Rural finance has long been an important tool for poverty reduction and rural development by donors and governments, but the impacts have been controversial. Measuring impact is challenging due to identification problems caused by selection bias and governments’ targeted interventions, while randomised trial data are scarce and limited to contexts where little to no rural finance exists. Using an author-collected dataset, we provide insights on a large-scale long-lasting subsidised rice credit programme in Myanmar, one of the poorest and, until recently, most economically isolated countries in Asia. Identification relies on a fuzzy regression discontinuity design, exploiting an arbitrary element to the credit provision rule which is based on rice landholding size. Although we find little evidence that rice yield or output is increased, we do see that the programme has some positive effects on total household income, suggesting a positive spillover effect on other farm income activities.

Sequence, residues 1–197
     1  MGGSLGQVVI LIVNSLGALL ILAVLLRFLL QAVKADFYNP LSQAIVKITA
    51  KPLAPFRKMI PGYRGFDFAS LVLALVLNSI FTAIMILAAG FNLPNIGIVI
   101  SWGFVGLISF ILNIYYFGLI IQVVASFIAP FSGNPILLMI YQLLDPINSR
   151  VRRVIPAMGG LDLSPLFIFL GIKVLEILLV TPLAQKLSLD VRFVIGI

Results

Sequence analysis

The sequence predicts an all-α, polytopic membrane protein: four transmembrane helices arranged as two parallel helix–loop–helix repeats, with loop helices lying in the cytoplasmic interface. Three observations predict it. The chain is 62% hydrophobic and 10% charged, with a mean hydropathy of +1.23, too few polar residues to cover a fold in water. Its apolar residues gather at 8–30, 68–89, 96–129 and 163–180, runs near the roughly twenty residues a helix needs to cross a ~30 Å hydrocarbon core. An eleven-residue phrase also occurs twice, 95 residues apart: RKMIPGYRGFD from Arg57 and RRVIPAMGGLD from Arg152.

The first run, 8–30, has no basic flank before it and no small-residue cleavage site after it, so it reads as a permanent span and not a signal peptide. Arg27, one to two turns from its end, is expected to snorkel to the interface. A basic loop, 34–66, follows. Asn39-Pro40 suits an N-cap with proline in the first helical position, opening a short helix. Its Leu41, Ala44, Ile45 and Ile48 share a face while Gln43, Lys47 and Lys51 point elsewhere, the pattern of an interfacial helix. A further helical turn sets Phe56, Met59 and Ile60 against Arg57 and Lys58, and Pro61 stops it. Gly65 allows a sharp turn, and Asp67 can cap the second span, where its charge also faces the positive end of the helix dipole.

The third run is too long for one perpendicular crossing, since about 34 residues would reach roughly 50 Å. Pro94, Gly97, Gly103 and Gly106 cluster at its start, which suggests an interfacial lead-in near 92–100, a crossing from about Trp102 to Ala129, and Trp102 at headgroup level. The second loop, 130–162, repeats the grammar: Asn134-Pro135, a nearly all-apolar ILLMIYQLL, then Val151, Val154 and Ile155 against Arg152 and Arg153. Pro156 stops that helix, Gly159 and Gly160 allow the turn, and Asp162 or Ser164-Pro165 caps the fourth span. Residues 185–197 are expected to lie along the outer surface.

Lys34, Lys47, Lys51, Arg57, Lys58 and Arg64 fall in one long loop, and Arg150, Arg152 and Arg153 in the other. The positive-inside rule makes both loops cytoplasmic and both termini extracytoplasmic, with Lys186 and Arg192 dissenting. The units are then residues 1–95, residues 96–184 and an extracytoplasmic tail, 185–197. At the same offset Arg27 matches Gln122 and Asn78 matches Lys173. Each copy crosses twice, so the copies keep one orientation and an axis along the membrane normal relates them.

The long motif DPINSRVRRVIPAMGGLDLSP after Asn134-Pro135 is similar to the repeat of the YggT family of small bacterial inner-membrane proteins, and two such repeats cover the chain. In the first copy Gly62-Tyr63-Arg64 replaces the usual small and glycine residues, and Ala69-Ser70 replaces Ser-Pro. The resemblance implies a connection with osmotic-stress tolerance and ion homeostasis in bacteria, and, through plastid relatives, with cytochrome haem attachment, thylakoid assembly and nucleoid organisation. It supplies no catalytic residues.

Credit, Myanmar, regression discontinuity, rice production, rural finance
Agricultural Finance (jel Q14), Personal Finance (jel D14), Banks; Other Depository Institutions; Mortgages (jel G21), Government Policy; Provision and Effects of Welfare Programs (jel I38), Financial Markets; Saving and Capital Investment (jel O16), Financial Economics (jel P34),
Journal of Agricultural Economics

Aung, N, Nguyen, H.T.M, & Sparrow, R.A. (2018). The Impact of Credit Policy on Rice Production in Myanmar. Journal of Agricultural Economics, 70(2), 426–451. doi:10.1111/1477-9552.12299